DC Council votes to legalize sports betting in the District

A closeup of the red and white flag of the District of Columbia. This flag was blowing in a stiff breeze. (Getty Images/iStockphoto/WilliamSherman)

WASHINGTON — The D.C. Council has passed a bill to legalize sports betting in the District.

Only two councilmembers, Brianne Nadeau and David Grosso, voted against the bill that would allow private businesses to apply for licenses to operate sports betting facilities in the District. The D.C. Lottery will oversee a single-operator system of online betting within city limits.

Betting likely won’t start until the summer in D.C. stadiums, arenas and the bars and restaurants that seek licenses. The bill must still be signed or passed on by the mayor, at which point it will be sent to Congress for a 30-day review period. It is expected to take roughly six months after that point for the lottery agency to put systems in place to begin operating.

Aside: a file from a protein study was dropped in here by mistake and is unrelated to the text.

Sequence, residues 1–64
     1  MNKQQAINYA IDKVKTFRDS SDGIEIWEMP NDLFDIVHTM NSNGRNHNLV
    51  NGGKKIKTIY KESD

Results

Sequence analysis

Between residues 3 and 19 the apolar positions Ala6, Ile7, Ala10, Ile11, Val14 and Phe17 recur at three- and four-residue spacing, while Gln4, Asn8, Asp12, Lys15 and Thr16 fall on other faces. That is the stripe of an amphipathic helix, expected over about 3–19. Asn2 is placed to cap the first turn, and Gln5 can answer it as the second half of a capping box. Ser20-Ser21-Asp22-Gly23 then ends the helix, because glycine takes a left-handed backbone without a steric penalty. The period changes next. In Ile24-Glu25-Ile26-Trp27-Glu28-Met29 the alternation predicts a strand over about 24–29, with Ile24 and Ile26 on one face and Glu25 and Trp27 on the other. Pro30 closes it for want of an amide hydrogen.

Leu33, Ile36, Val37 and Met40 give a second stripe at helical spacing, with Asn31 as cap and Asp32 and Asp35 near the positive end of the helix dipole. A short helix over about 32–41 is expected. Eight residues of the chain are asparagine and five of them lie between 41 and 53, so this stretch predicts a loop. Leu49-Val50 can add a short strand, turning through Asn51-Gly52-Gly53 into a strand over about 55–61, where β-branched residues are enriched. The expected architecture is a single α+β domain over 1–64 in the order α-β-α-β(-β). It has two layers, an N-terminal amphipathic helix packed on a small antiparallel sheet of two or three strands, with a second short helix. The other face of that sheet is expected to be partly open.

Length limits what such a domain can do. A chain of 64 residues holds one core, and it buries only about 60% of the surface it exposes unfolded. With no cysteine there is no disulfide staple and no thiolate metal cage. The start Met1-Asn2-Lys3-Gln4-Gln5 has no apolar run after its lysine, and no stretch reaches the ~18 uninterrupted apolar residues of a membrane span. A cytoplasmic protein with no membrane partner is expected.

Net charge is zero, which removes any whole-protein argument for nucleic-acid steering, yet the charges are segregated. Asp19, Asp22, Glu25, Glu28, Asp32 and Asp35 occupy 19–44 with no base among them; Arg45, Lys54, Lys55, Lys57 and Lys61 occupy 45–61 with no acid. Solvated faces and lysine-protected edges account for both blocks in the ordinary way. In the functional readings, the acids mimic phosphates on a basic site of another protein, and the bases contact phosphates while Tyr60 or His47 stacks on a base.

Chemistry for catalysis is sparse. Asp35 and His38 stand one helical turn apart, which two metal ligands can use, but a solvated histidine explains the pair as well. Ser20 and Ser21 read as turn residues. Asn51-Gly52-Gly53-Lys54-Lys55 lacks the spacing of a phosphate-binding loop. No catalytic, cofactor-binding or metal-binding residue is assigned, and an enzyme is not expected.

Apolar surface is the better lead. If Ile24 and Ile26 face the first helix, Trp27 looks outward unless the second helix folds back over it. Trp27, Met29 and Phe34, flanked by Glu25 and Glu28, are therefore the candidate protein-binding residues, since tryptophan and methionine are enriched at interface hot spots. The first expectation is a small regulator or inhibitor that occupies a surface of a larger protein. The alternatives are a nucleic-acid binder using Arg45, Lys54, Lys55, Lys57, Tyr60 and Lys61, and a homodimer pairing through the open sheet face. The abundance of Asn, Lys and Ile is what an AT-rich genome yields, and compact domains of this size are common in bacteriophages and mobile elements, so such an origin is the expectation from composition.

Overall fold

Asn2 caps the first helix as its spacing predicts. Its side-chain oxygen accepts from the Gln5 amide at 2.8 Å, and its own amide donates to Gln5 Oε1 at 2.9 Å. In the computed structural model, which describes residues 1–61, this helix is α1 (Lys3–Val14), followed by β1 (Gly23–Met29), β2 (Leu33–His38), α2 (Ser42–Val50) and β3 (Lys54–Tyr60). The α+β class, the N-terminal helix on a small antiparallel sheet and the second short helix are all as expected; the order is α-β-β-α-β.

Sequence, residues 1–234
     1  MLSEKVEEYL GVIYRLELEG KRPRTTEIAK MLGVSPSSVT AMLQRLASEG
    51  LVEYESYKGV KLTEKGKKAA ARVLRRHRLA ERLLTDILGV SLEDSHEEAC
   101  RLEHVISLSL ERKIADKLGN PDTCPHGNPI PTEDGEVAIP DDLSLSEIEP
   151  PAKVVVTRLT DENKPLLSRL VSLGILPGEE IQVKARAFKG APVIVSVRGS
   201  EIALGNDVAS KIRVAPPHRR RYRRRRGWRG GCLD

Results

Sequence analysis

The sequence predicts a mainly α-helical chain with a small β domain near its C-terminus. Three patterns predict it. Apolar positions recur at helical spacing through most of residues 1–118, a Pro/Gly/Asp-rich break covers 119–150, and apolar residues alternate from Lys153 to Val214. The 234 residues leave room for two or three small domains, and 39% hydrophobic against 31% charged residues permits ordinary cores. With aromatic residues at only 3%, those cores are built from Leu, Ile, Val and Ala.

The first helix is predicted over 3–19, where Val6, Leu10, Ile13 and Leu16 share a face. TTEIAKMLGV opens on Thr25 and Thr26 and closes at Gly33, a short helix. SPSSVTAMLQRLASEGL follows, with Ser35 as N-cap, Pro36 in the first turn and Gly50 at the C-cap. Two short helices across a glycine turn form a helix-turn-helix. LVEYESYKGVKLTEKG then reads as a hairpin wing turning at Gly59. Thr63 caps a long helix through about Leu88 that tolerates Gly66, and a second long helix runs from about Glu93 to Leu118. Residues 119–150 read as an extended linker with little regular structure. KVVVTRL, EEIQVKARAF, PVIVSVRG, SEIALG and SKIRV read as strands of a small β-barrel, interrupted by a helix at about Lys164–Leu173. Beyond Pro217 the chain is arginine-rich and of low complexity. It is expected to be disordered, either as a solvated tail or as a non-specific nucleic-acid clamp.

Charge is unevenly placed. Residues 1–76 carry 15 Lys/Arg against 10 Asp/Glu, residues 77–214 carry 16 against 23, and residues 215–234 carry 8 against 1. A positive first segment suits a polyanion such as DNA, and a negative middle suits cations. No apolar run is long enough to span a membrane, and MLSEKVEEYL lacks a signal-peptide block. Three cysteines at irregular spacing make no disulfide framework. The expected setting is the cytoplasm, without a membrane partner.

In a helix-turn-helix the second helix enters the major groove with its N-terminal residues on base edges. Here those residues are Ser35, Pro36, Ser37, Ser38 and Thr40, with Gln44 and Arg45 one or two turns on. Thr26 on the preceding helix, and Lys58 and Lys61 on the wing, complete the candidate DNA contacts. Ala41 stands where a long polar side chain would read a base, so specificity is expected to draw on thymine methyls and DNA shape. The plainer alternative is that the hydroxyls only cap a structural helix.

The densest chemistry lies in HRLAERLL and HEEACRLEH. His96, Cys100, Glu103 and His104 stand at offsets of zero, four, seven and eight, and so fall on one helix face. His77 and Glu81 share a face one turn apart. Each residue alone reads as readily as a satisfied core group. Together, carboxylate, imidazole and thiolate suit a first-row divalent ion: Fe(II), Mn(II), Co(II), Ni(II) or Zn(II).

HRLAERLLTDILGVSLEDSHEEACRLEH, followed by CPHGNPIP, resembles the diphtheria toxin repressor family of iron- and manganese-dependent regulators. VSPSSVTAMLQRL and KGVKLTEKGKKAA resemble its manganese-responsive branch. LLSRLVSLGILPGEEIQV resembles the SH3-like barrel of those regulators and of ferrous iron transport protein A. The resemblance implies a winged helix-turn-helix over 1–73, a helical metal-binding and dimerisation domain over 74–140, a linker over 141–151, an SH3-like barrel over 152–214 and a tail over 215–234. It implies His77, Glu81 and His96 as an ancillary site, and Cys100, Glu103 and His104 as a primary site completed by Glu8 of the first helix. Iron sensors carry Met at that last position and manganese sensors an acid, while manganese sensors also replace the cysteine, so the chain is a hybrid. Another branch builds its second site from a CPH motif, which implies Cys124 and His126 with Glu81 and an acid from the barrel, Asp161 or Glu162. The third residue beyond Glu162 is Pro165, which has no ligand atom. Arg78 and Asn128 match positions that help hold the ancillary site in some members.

Adopted into the bill, Councilmember Kenyan McDuffie’s amendment to include small businesses into the group allowed to seek a license. This would potentially add to the brick-and-mortar sports book locations, originally designated as just a handful of sports venues around the city, including Capital One Arena and Nationals Park.

The bill will levy a 10 percent tax on operators, and is expected to generate $92 million over the next four years, according to a fiscal impact statement issued by the city’s chief financial officer.

Eight states already have legal sports betting, including New Jersey, Delaware and West Virginia.

Both Maryland and Virginia are considering similar bills.

Megan Cloherty

WTOP Investigative Reporter Megan Cloherty primarily covers breaking news, crime and courts.

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